For more than 15 years, the actor has graced television and film in a variety of roles and projects ranging from last year’s thriller “The Invisible Man” with Elisabeth Moss and the 2019 drama “Clemency” starring Alfre Woodard, to the Showtime fictional crime drama “City on a Hill,” in which he stars as Assistant District Attorney Decourcy Ward opposite Kevin Bacon’s corrupt yet venerated FBI veteran, Jackie Rohr, in 1990s Boston.

In 2018, he played the titular role in the biopic “Brian Banks,” and in 2016 he appeared in the Oscar-nominated historical drama “Hidden Figures,” as well as the WGN America series “Underground” with Jurnee Smollett.

The opportunity to work with Regina King and to take the words written by Kemp Powers, a Black man, and to be able to imbue his character with depth, dimensionality and humanity was not lost on Hodge. For many years, the actor has been intentional about the types of roles he’s wanted to tackle as he’s guided his career onto a more purposeful path.

At the age of 14, after hustling for roles that weren’t written for him, that were marginalized to begin with, and being told on numerous auditions that he was “really articulate and educated, but not Black enough,” Hodge told his agents at the time, “‘I’m done with this’ — because this is not about character, this is not about acting. This is about serving somebody’s negative agenda about their perspective on what they think Black people are as opposed to what we actually are.’”

Hodge knew he had other options and focused his time on studying science and pursuing other interests.

The power of saying ‘no’ and the determination to make the hard decisions and sacrifices and sticking by them hasn’t been easy, but it’s been valuable. There were times in Hodge’s career when he didn’t work for months at a time, but he was willing and dedicated to carving out his own path without wavering. “And those choices then are the reason why I’m in the position that I’m in today, without regret,” he says, “because I didn’t compromise who I was for someone else’s stupid ideals of what they thought Black people should look like and be.”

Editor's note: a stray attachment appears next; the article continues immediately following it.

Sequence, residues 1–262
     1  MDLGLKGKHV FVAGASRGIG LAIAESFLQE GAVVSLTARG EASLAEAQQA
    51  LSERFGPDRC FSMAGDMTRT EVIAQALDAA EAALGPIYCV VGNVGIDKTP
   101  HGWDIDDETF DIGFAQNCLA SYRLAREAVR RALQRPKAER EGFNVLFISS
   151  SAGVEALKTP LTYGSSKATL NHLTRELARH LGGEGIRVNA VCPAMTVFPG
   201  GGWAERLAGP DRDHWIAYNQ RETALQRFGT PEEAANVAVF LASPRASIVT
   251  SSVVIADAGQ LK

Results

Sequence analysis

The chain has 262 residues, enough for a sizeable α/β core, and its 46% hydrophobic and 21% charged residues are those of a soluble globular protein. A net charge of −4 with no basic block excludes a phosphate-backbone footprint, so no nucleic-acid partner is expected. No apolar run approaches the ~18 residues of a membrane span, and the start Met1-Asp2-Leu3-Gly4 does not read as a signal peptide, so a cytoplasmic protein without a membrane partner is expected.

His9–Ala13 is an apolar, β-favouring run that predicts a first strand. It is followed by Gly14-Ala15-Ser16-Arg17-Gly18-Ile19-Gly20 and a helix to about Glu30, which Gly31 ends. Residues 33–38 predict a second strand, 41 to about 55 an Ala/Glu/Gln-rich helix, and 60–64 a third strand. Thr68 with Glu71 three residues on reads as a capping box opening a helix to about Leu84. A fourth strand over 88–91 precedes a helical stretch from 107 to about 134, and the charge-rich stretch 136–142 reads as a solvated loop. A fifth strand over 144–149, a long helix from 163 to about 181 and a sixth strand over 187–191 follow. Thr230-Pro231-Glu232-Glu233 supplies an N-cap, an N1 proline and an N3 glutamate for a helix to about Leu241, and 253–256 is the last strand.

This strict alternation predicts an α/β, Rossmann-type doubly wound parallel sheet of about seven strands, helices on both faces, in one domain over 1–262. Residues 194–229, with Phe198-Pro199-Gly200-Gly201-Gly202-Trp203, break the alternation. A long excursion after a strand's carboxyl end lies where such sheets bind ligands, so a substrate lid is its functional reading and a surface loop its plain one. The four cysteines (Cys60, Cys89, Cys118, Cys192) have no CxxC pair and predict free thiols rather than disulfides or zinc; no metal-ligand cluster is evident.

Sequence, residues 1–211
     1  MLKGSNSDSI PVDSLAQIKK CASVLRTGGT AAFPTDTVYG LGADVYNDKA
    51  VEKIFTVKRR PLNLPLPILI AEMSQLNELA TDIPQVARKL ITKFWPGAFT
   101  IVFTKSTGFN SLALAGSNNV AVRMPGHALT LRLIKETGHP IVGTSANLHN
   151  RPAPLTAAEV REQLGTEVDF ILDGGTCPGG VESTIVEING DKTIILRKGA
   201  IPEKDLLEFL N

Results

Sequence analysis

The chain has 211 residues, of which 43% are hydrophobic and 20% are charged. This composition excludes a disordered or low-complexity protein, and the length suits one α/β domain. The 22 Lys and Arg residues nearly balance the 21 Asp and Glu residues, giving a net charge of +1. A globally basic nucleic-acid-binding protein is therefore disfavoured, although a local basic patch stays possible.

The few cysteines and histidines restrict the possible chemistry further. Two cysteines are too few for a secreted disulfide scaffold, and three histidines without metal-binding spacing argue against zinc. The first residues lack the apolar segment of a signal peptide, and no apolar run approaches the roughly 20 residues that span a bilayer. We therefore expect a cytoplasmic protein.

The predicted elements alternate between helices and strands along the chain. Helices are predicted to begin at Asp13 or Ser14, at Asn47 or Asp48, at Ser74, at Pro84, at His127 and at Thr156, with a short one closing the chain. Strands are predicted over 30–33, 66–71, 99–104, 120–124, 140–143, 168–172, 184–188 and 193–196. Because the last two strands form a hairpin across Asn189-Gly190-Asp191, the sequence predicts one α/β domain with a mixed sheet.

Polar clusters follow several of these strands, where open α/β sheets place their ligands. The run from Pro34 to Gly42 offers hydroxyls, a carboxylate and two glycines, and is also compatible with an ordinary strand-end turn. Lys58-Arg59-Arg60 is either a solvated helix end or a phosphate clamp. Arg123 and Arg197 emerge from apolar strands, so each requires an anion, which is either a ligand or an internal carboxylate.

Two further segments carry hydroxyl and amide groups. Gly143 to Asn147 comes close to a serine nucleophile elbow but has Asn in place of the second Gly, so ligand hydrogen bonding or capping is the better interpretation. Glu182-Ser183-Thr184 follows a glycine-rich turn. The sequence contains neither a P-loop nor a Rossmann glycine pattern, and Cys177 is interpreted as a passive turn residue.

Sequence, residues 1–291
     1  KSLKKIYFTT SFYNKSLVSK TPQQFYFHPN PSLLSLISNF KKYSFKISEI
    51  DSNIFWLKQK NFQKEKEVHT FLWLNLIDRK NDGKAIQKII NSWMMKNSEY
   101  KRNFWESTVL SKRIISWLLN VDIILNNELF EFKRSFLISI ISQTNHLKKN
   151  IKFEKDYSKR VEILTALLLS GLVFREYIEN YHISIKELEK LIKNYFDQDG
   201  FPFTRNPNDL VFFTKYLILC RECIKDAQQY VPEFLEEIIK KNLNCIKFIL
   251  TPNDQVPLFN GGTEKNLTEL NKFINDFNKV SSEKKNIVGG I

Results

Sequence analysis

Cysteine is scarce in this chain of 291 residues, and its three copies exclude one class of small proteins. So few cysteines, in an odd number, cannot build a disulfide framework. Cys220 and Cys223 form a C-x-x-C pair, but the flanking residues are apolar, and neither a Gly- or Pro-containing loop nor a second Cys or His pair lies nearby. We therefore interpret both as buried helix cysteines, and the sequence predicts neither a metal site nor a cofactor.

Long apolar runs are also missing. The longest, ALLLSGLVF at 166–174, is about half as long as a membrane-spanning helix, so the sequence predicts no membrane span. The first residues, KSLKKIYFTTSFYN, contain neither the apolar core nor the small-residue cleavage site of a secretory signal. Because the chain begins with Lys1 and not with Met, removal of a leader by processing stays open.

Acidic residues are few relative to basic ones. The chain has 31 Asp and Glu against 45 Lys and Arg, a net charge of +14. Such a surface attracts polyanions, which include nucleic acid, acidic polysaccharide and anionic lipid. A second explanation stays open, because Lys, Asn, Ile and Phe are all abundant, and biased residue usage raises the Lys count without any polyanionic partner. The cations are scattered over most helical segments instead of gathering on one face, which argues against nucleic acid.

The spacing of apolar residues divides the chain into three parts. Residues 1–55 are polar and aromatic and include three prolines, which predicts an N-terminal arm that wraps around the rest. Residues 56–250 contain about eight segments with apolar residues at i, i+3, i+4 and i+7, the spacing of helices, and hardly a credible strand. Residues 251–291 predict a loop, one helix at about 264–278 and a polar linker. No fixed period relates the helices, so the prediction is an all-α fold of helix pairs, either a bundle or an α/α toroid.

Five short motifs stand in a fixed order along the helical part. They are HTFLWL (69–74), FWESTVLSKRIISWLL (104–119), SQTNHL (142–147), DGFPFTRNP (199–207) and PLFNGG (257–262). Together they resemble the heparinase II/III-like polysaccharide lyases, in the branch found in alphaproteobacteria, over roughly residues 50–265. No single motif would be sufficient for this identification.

And so, with his portrayal of Jim Brown in “One Night In Miami…” and his upcoming role in the highly anticipated DC movie “Black Adam” as the character Carter Hall/Hawkman opposite Dwayne Johnson, Hodge is very much aware of the big picture and his larger goals.

It’s about opening up more opportunities and more perspectives for Black people, for Latino people and even beyond. “All these marginalized groups and cultures in this industry that have had opportunities scrubbed away simply because of who and what they are, I want to open up the avenues for fairness in all those areas,” explains Hodge. “So, while I’m here, my charge is to really develop and give opportunities. That’s what I’ve been doing, that’s what I’ve been working towards, and over the last year that’s what I’ve had the opportunity to do in a much more virulent way.”

“One Night In Miami…” launches worldwide exclusively on Amazon Prime Video on Friday, Jan. 15.